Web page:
I watched the following talks:
- Hadoop Primer for SQL Server DBA by Konstantin Korobkov at SQLBITs XIV (The sound quality for this one isn't great.)
- Python and R for SQL and Business Intelligence Professionals with Jennifer Stirrup at SQLBits XIV.
- Shiny: dashboards in R by Steff Locke (@SteffLocke) SQLBITS XIV
- "How to Build a Virtual Test Lab for SQL Server" with Ed Leighton-Dick & David Klee at SQLPASS Summit 2015
- "Analyzing your ETL Solution with PowerShell" with André Kamman at SQL PASS Summit 2015
- "Change Data Capture Case Study and Checklist" with Uwe Ricken at SQL PASS Summit 2015
The most stand-out moments from last week's efforts include:
- I altered a SQL Server partitioning configuration that I had set up a number of years ago. Even though I implemented partitioning as a "Plan B" for this particular application, it has worked surprisingly well. I haven't had to touch the configuration since I implemented it. I wouldn't have to touch the partition configuration now, but application has survived well past it's initially estimated retirement date.
- I improved my Pester skills. I've got a lot of infrastructure and configuration tests running now. The weak point, I think, is the overall organization of what I've built. Looking at what I've done, it seems haphazard to me, but I am not entirely sure what "better" should look like. Everyone seems to have their own manner of breaking out or categorizing things via file/Describe/Context/It and their own way of looking through items to be tested. The sqlcollective/dbatools folks intend to release a set of best practice recommendations implemented as Pester tests this spring. I intend to raid them for ideas on how to organize dozens of tests of various sorts. I'm also sure that there is some overlap between what they intend to roll out and what I've been doing. I may need to retire some bespoke code in favor of community-supported code.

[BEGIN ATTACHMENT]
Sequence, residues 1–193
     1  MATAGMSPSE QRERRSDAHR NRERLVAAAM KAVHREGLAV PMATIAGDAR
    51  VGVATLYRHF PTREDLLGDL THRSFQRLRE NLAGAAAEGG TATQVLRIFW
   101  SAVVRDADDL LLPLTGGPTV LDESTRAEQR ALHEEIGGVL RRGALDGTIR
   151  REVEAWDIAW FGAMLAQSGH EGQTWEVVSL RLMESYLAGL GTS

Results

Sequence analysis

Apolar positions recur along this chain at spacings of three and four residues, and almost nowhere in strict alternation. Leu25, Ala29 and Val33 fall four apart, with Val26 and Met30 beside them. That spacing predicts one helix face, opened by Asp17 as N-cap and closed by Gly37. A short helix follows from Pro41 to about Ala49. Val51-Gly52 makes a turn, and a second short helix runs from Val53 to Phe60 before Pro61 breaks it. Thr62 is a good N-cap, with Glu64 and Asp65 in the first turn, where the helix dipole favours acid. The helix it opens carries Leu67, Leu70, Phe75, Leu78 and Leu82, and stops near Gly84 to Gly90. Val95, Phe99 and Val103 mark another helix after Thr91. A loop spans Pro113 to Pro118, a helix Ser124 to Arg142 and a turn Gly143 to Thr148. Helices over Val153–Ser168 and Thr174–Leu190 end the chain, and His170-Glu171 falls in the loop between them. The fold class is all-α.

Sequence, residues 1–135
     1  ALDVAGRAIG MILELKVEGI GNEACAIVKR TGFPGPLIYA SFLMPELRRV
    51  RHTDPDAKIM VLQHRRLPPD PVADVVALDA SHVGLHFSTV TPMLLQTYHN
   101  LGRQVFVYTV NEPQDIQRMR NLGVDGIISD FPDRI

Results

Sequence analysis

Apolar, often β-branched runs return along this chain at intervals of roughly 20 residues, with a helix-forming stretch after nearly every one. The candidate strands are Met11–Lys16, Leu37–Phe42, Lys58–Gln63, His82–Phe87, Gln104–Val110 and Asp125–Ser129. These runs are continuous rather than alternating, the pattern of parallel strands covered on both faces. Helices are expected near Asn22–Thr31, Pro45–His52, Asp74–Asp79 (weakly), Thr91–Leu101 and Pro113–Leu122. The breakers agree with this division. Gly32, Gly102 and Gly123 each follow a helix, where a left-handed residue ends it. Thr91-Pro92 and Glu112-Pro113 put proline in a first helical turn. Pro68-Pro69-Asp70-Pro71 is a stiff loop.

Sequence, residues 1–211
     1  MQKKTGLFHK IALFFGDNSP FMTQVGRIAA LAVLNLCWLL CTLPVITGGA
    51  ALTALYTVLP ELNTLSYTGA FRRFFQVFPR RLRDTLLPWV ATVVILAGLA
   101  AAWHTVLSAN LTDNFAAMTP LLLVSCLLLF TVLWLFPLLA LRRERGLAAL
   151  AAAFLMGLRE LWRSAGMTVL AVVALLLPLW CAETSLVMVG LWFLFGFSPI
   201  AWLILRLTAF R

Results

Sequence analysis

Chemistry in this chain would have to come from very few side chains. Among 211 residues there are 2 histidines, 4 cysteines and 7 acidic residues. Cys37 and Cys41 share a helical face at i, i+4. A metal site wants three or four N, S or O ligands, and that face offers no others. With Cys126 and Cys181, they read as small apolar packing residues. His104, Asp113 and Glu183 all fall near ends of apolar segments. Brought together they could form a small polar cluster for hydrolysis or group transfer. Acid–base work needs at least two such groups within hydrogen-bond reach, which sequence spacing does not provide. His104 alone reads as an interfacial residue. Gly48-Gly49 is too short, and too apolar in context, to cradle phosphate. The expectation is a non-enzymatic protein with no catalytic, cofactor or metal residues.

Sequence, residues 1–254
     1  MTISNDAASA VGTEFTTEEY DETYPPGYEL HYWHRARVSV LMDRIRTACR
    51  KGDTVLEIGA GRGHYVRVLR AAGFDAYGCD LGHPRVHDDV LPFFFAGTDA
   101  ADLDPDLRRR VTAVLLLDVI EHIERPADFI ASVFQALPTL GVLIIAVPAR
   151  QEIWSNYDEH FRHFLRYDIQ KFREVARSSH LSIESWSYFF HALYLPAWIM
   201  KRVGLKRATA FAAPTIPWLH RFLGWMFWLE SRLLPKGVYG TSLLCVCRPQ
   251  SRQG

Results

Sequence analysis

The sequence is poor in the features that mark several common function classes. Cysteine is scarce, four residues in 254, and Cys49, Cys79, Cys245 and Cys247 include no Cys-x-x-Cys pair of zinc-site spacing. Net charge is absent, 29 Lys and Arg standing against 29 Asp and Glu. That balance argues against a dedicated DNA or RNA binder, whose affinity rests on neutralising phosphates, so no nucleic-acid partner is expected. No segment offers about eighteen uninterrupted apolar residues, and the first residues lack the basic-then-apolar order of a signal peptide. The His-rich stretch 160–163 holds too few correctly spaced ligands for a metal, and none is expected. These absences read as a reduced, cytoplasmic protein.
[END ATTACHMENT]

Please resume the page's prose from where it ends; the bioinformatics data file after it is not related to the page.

- I installed the latest Pester on a couple of my workstations, updating from 3.4.x or so to 4.1.x. I have seen one or two differences. I haven't bothered to read about the improvements that come with the new version yet (though I do like -Show very much).
- I removed several dependencies on external code from a code base that I maintain.
- I updated a toy solution of mine, though the SSIS project in the solution proved to be a problem. The take-away is: If your copy of Visual Studio 2017 (which you *know* has SSDT installed ) doesn't seem to support BI projects (SSRS, SSAS, or SSIS), then you probably don't have the latest version of SSDT installed. VS doesn't seem to update SSDT bits as part of the usual "update extensions & tools" process.
- I managed to get through a debugging session in VSCode without it crashing on me. This is a first for me. Either VS Code is getting better or I've learned something about how to use the debugging modes that VS Code provides.
I'd also like to promote the next Philly-area SQL Saturday a tiny bit. SQL Saturday 714 will be held at Montgomery County Community College on April 21, 2018. I skipped SQL Saturday last year, so I haven't been since the event was held at Microsoft's facility in Malvern and I'm curious to see how it will work at this particular venue.